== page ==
The Labour Party has put tackling tax avoidance firmly on the election agenda, with its manifesto highlighting it as a way of reducing the deficit.
Its ten-point plan to raise £7.5 billion a year says it will review the operations of Her Majesty’s Revenue and Customs (HMRC), attack the informal economy, reform the UK’s Overseas Territories and Crown Dependencies, close loopholes that enable corporations to shift profits from the UK to low or no tax jurisdictions, tackle the tax gap (of avoidance, evasion and tax arrears) and impose penalties on those engaged in tax avoidance. However, Labour does not provide any information about how it arrived at the estimate of £7.5 billion.
The above is an extensive list and poses considerable challenges. But they are worth surmounting because the future of social democracy is at stake. The UK may be losing anything between £35 billion and £120 billion a year in tax revenues – so in some ways £7.5 billion is a drop in the ocean of what’s possible. Political parties need to be more adventurous in tackling tax games through investment in infrastructure and penalties for the tax avoidance industry.
Investing in tax infrastructure
The tax avoidance industry gambles on the idea that HMRC will not have enough resources to investigate and prosecute complex avoidance schemes. Chasing tax avoiders requires forensic and technical skills, but it is also labour intensive. Since 2005, HMRC has lost nearly half of its staff. Wage freezes mean that staff morale is low and many skilled workers are poached by big accountancy firms – the organisations that design and market tax avoidance schemes.
Due to chronic staff shortages and chronic under investment in tax tribunals, there is a backlog of some 27,246 tax cases waiting to be heard by tax tribunals. Some cases run for a decade or more. Unsurprisingly, many cases are settled behind the scenes with sweetheart settlement deals or are just dropped.
The economic case for this is very strong. Available evidence suggests that in 2013/14, every £1 invested in large business investigations yielded £97 in extra tax revenues. Each additional £1 investment in enforcing compliance by local businesses and wealthy individuals brought £18 of additional tax revenues.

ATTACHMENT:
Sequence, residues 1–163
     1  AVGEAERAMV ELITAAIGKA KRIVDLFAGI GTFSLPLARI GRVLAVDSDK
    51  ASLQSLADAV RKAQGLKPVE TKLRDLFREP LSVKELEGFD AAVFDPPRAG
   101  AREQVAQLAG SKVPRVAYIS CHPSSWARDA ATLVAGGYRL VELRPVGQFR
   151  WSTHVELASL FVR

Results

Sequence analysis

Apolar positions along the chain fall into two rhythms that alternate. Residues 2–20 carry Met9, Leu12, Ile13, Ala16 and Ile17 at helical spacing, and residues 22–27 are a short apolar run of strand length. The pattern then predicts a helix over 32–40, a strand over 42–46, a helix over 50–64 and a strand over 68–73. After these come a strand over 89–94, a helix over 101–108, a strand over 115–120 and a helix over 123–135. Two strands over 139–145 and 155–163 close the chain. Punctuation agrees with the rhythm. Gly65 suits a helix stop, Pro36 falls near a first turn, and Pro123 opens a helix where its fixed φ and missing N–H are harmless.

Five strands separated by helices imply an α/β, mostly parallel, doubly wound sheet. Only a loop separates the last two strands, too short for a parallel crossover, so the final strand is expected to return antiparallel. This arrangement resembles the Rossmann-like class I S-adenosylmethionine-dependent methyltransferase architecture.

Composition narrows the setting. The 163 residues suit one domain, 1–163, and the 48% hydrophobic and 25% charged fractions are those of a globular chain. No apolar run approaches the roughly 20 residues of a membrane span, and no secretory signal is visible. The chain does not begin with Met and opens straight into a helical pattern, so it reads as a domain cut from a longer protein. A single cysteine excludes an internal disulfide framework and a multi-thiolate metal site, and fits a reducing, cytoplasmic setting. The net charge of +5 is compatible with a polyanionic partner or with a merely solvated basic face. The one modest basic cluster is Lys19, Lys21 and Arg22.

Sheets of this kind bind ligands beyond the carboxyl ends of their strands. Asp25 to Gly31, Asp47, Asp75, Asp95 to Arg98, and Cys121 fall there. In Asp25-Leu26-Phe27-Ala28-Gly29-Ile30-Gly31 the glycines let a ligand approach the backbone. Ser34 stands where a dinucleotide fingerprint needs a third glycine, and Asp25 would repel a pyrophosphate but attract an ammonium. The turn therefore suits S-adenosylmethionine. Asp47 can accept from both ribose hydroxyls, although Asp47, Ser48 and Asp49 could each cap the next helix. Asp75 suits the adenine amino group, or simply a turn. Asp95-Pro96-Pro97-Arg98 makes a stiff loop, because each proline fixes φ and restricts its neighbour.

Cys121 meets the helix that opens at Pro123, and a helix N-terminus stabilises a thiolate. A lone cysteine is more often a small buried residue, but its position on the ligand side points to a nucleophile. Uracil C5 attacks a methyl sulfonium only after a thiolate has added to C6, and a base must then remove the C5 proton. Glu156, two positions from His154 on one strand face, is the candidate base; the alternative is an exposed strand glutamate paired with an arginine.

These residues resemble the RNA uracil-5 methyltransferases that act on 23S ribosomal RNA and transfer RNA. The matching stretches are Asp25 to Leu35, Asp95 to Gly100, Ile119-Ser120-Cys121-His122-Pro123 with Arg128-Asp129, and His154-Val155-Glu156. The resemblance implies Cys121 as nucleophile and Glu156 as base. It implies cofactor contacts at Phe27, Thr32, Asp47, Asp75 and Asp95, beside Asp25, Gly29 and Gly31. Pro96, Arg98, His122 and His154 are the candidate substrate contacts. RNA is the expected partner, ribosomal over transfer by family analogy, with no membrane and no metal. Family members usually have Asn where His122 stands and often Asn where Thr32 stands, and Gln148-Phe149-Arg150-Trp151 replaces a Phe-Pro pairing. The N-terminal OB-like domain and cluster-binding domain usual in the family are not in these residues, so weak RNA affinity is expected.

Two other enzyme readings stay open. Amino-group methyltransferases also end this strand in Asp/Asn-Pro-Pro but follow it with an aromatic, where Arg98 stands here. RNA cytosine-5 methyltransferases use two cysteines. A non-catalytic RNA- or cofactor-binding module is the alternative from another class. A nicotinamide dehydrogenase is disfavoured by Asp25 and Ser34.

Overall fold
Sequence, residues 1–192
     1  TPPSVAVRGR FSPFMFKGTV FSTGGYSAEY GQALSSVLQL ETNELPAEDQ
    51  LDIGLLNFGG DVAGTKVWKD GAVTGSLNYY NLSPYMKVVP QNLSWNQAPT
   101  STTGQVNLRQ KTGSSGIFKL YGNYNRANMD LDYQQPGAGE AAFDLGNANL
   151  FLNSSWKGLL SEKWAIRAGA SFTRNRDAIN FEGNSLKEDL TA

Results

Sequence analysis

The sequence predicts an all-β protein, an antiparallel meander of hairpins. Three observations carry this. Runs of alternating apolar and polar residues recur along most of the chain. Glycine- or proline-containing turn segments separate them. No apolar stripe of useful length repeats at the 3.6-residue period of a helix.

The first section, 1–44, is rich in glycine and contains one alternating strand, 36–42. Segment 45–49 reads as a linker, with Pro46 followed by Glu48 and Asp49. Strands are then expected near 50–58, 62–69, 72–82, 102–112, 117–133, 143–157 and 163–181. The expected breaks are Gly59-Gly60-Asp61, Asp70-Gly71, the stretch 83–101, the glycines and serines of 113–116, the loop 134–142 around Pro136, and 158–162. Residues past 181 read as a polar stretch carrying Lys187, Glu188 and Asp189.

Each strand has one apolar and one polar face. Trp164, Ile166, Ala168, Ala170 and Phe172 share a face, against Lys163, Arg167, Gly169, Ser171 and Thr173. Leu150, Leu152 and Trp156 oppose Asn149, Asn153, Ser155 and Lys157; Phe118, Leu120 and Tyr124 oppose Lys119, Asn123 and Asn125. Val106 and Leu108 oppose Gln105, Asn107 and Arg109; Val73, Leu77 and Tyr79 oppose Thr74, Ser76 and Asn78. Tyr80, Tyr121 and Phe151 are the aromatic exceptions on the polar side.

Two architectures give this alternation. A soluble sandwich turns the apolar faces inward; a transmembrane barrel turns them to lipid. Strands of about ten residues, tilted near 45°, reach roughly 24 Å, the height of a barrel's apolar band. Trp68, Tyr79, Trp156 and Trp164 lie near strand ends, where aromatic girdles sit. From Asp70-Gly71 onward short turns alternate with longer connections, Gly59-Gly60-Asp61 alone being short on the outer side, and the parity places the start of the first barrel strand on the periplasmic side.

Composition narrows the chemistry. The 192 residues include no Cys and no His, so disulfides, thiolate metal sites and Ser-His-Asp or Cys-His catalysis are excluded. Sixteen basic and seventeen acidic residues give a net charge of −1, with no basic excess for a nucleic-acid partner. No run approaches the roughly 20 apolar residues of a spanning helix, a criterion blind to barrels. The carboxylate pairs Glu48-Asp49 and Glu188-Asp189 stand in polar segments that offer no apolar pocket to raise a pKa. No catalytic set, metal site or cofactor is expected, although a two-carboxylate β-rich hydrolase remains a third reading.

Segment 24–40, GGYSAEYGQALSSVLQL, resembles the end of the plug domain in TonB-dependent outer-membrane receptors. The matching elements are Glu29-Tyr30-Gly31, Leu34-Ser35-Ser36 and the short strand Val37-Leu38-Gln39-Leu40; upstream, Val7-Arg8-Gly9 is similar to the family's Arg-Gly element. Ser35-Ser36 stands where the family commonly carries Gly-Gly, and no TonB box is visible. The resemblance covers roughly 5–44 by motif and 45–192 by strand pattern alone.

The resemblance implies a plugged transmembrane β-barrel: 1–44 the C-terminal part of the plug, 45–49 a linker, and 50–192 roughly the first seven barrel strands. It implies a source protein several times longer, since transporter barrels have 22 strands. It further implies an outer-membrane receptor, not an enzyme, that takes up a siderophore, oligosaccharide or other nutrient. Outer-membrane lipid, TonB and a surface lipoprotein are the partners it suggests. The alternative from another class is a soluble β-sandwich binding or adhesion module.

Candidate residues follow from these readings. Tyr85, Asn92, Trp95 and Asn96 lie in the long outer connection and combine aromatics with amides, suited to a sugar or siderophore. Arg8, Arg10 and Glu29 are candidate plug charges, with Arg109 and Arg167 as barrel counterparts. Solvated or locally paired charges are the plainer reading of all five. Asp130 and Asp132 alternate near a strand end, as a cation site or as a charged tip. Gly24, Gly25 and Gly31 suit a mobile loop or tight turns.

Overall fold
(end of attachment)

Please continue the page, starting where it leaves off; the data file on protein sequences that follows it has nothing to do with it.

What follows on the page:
Beyond legal charades
The tax avoidance industry is very subtle in its operations. Court cases become mostly framed around “what the law means” (such as this recent judgement).
Investigations by the US Senate Permanent Subcommittee on Investigations shows how lawyers and accountancy firms work closely together to help clients avoid taxes for hefty fees. For a fee, lawyers provide favourable legal opinions to soothe client anxieties. Some US lawyers have since gone to prison for being a party to schemes.
When the cases do eventually reach courts, the matter gets tied into legal knots. At great public expense, tax tribunals and courts must work through them – often eventually declaring avoidance schemes and contrived interpretations of legislation to be unlawful. The company or wealthy individual taxpayer party to the scheme then pays the tax due plus interest and maybe a financial penalty.
But there is virtually no penalty on the tax avoidance industry. The designers and marketers of the schemes are not investigated, prosecuted or fined, and HMRC rarely seeks to recover any of the legal costs. So the industry has economic incentives to craft more schemes and the whole process begins again. The recent case of Andrew Chappell vs HMRC makes the point, it being only the eighth HMRC victory against tax advisory firm NT Advisors.
So if Labour is serious about clamping down on tax avoidance, it will have to craft legislation that imposes costs on the industry that profits from it. It would need to shut down habitual offenders. Partners of accountancy firms and other organisation peddling tax avoidance schemes would need to be made personally liable for fines and other penalties. As an additional pressure, it would need to ensure that any organisation associated with tax avoidance does not receive any public contracts. But so far it has been very hazy on the details.
Prem Sikka is director of the Association for Accountancy and Business Affairs (AABA), a not-for-profit organisation
Authors: The Conversation